Not since the days of wrestler Gorgeous George who brought audacious outfits into the ring had anything caught sports fans like a young black man from Louisville who shouted to the world, “I am the greatest!” Cassius Clay, who later changed his name to Muhammad Ali when he converted to Islam, dominated the sports pages as he not only beat out all contenders but told them in what round they would fall. Everyone around in those days remembers “Archie Moore will fall in four.” And so he did. However, Ali would garner the public’s disrespect when he refused to enter the service during the Vietnam War and would have his world heavyweight boxing crown taken away because of his conscientious objection to war.
Here we go again
Lyndon Baines Johnson was re-elected president in November 1964 by a landslide, despite the escalation of forces in Vietnam. In 1965, Congress, by an almost unanimous vote, gave him carte blanche to do whatever he chose with our troops in Vietnam who were there theoretically to assist and train. Tales were coming back from Saigon that American troops were already fighting side by side with the South Vietnamese.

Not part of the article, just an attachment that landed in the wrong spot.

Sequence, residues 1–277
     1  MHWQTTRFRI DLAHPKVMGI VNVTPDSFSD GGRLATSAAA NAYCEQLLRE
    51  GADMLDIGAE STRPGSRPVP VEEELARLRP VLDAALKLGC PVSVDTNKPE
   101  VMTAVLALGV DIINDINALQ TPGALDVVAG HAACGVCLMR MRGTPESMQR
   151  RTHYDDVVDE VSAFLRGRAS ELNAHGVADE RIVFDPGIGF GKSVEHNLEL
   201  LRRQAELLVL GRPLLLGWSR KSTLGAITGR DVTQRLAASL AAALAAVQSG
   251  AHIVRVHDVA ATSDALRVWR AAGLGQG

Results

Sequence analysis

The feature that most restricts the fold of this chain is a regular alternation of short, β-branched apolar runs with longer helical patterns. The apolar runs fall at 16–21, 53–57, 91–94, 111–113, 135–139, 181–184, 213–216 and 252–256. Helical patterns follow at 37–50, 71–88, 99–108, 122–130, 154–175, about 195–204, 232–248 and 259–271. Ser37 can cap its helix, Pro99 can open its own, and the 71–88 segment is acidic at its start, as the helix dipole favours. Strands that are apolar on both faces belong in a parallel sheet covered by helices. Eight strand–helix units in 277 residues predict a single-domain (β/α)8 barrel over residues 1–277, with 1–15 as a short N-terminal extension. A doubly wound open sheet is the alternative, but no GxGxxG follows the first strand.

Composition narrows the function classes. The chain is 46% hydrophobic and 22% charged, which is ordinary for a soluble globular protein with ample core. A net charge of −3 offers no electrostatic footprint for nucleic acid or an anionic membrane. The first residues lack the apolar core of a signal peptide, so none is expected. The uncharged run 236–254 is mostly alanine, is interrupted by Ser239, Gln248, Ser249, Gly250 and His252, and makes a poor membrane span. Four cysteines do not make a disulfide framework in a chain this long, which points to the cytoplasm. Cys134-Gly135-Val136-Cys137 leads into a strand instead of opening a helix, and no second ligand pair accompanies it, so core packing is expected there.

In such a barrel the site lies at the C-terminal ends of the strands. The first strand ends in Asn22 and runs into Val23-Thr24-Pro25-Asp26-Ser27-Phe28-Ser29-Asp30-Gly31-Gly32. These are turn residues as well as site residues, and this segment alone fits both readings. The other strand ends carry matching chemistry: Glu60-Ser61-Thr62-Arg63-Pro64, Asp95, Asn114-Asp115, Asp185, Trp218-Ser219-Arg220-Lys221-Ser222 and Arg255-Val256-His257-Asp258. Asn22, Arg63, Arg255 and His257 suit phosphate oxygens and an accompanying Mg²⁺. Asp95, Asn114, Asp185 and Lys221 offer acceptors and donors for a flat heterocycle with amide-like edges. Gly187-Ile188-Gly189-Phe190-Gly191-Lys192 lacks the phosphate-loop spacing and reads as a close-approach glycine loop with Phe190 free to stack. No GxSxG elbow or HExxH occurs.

In January 1965, shortly after he took the oath of office, Johnson ordered U.S, Navy river patrols on South Vietnam’s 3000 nautical miles of inland waterways. It was obvious by then that the Soviet Union had given its support to the Communist North Vietnam. China had already begun supplying troops and material to the north. It would be the closest we would come to a full out World War III. The president’s advisors, primarily the secretary of defense, were urging him to increase troops which were already in the thousands.